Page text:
The top exporters of AGOA products to the US market are South Africa ($3.62 billion); Nigeria ($3.52 billion); Ghana ($746 million); Kenya ($615 million) and Madagascar ($407 million), according to the US Trade Representative’s Office. But the Council on Foreign Relations says “many experts say the program has failed to live up to expectations. After an initial rise in trade, the region’s exports to the United States have stagnated.”
Late last year, the White House removed Uganda and the Central African Republic from AGOA after the enactment of laws criminalizing homosexuality. Niger and Gabon were also taken off the list since they are both under military rule following coups and are therefore ineligible.
In a Dec. 29 letter announcing the decision, Biden said Uganda “has engaged in gross violations of internationally recognized human rights” following that country’s passage of one of the world’s most extreme anti-LGBTQ laws.
Derided as the “Kill the Gays” law by LGBTQ Nation, it says “aggravated homosexuality” is punishable by the death penalty. It also imposes a life sentence for “recruitment, promotion and funding” of same-sex “activities” and even bans identifying as LGBTQ+.
This decision could cost Uganda thousands of jobs, given that more than 80% of its exports under AGOA were from the agricultural sector, which employs 72% of Ugandans. In the 12-month period ending June 2023, Uganda’s AGOA exports to the United States came to $8.2 million, or 11.5% of total US-bound exports.
Nevertheless, Ugandan President Yoweri Museveni—in power for 38 years—appears unfazed and suggests that Biden has no right to lecture other countries. Cohen disagrees.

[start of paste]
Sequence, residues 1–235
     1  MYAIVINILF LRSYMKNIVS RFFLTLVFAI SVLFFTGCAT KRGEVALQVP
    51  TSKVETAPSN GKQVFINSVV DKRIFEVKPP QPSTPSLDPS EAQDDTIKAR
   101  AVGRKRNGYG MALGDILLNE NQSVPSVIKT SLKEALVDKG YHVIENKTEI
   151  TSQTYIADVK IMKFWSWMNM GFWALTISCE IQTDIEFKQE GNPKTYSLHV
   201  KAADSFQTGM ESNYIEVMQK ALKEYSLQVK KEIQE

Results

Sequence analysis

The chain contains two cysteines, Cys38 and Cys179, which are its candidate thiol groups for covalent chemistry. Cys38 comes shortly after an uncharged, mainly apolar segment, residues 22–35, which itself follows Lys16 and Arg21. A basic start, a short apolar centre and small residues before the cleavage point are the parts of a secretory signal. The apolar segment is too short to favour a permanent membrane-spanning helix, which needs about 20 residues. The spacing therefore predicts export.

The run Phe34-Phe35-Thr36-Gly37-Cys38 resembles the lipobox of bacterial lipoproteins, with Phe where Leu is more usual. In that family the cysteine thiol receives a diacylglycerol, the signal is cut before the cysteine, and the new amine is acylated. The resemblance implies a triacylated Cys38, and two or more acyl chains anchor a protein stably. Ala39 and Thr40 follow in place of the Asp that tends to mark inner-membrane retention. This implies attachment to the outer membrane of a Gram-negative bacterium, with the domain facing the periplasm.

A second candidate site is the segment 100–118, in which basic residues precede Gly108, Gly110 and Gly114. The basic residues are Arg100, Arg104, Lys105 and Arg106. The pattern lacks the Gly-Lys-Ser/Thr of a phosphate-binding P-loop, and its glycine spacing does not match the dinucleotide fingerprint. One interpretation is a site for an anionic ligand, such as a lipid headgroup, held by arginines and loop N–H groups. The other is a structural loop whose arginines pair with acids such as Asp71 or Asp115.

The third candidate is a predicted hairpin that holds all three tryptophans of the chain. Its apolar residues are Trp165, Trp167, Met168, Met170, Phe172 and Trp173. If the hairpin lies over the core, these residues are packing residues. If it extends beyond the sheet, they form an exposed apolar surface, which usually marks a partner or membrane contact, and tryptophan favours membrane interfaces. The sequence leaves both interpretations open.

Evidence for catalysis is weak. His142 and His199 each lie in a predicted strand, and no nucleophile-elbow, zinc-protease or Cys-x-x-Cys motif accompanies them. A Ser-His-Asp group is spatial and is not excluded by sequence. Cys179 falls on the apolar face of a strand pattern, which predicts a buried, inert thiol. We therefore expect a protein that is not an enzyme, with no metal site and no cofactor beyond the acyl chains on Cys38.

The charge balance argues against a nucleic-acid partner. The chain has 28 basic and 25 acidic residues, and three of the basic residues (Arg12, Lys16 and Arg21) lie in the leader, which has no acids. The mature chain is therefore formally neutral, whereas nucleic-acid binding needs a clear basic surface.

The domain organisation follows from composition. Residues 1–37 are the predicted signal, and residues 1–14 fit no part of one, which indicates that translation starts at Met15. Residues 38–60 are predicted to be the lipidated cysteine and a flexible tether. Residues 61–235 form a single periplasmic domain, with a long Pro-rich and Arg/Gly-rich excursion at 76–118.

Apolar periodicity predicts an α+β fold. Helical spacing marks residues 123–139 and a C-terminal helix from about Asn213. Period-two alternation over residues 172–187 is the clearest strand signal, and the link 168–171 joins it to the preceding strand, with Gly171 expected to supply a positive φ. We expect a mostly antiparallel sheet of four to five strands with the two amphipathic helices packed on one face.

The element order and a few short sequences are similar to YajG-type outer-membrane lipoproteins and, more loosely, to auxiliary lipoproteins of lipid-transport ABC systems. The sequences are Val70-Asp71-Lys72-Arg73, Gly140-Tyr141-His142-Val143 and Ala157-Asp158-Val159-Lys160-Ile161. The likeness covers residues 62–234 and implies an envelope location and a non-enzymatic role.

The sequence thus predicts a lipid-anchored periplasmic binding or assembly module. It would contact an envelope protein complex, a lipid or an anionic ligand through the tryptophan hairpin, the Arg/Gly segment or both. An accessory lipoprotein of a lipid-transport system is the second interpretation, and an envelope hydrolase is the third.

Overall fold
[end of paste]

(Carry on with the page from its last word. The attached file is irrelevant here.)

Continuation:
“We do not accept that Uganda has the death penalty for homosexual activity,” he said. “We do lecture them, and of course we should. I think Congress would want us to do that. The American public would want us to do that.”
US abortion foes try to sabotage successful HIV program
The second program Cohen strongly supports is the US President’s Action Plan for AIDS Relief (PEPFAR).
Since PEPFAR’s inception by President George W. Bush in 2003, the US government has invested $110 billion in the global HIV/AIDS response. According to a fact sheet, “PEPFAR is the largest commitment by any nation to address a single disease in history, enabled by strong bipartisan support across 10 US congresses and four presidential administrations, and through the American people’s generosity.”
Yet House Republicans in Congress are now pushing to ban PEPFAR from partnering with foreign aid groups that, according to NPR, “with their own non-US money lobby for abortion rights or provide abortions, referrals or information about it.”
And Cohen says that’s unconscionable.
“PEPFAR has saved tens of millions of lives in Africa, and it’s very important that people who have HIV continue to get the medicine they need,” he said. “It would be a tragedy to get rid of PEPFAR, so I don’t know why anybody would want to eliminate it. I don’t think Congress would allow that.”
Asked to name Africa’s leading success stories, Cohen rattled them off quickly: Cote d’Ivoire, Ghana, Nigeria, South Africa and Botswana.
What about the Addis Ababa-based African Union, which marked its 60th anniversary last year?
“The AU is very important because they intervene when there is instability,” he replied. “They are doing the work that normally the United Nations would do. I consider them an extremely important organization. They’re doing a great job.”
As for sage advice, Cohen says it’s important to become fluent in a language other than English.
“I was the State Department’s first-ever student of Swahili—and I used it,” he said. “Learn a language, but also do not become enamored of the country you’re in, otherwise known as ‘going local.’ Do not do that. It ruins your ability to do business. Be dispassionate.”
He added: “Ask lots of questions. I spent most of my time asking questions. That’s how you learn what’s going on. The CIA also asks questions, but they pay for the information.”